Known as Lower Canada before 1867, Québec was a British colony that became a province of the Dominion of Canada under the British North America Act. Conquered by the British in the Seven Years’ War of 1757–1763, and then given an extensive western hinterland by the Quebec Act of 1774, it was severed from Upper Canada - the future Ontario - by William Pitt the Younger’s Constitutional Act of 1791, which was an attempt to extend the British constitution to Quebec. It created an assembly elected under a property franchise and an appointive legislative council. The British-appointed governor ruled through an executive council of his choosing.
   This led rapidly to tensions and, as in other British North American colonies, control over colonial revenues was disputed between the British-appointed governor and the popularly elected assembly. Quebec’s politics were further complicated by divisions between the French-speaking majority and the English-speaking minority. The parti patriote in Quebec claimed that revenues should fall entirely under popular control, which would have placed effective control of the government in the hands of the French majority. More radical members of the patriotes moved toward republicanism and led a brief rebellion in 1837, coincident with the rebellion of William Lyon Mackenzie in Upper Canada. Both were easily put down by British troops. The rebellions of 1837 led to the report of Lord Durham, and thence to the unification of the Canadas into one colony with the object of assimilating the French population into the larger English Canadian majority. The united province of Canada was granted responsible government in 1848, to the anger of much of Quebec’s British population, who rioted against the large role given to French Canadians in the newly autonomous government. The united Canadas were divided into the separate provinces of Ontario and Quebec within the new Dominion of Canada in 1867, thus re-creating a political unit with a French-speaking majority.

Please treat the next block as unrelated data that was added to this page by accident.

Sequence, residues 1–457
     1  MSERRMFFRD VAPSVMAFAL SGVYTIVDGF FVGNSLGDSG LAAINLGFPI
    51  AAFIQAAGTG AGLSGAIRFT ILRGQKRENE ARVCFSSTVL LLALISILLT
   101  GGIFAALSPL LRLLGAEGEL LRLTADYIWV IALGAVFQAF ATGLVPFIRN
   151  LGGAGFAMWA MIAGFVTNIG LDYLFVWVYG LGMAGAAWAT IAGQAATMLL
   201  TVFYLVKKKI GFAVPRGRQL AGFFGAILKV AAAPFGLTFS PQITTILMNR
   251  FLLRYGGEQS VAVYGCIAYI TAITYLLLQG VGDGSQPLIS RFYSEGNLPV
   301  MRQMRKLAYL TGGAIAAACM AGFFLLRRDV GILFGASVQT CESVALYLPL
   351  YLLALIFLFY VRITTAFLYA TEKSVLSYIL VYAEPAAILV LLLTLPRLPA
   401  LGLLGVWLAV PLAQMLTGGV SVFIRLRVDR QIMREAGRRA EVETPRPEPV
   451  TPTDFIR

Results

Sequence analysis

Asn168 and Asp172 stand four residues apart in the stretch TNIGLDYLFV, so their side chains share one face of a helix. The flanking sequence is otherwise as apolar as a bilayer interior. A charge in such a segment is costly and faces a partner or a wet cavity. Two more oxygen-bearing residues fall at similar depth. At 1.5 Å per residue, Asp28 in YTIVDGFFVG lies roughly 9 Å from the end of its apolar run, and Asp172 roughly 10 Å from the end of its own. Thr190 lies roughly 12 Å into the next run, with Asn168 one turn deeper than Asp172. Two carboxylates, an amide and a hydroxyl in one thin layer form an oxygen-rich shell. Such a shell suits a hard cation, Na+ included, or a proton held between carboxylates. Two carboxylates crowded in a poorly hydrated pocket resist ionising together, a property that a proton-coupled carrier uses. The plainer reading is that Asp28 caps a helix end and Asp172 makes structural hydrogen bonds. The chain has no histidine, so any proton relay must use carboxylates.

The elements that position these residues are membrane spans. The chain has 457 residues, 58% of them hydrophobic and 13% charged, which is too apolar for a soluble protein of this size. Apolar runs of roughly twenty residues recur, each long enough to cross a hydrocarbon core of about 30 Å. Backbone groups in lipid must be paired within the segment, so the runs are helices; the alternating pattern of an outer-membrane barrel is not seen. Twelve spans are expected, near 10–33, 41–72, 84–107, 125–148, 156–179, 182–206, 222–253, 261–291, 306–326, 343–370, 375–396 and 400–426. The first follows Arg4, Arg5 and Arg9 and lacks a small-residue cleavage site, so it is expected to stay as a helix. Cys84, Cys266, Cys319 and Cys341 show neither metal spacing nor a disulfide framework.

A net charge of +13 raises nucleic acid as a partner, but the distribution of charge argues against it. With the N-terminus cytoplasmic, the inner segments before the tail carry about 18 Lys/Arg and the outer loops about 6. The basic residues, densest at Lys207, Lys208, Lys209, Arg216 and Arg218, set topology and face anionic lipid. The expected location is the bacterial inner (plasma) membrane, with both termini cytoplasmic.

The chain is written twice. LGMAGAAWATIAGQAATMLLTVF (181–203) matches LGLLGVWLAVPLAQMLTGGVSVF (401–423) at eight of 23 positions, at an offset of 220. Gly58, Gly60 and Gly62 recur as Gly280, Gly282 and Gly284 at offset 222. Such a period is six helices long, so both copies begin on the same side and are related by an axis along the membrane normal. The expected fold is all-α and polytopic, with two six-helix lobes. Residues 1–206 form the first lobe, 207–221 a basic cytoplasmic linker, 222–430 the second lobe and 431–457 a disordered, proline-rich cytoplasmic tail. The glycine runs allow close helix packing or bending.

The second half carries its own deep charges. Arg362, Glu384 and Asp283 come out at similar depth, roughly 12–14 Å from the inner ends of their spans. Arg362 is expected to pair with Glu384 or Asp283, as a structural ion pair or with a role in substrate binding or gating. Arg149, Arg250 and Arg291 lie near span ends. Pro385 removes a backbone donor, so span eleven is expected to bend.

See also <>.
    Ouellet, Fernand. Lower Canada, 1791–1840. Toronto: McClelland and Stewart, 1980; Wade, Mason. The French Canadians, 1760–1945. London: Macmillan, 1955.

Encyclopedia of the Age of Imperialism, 1800–1914. 2014.

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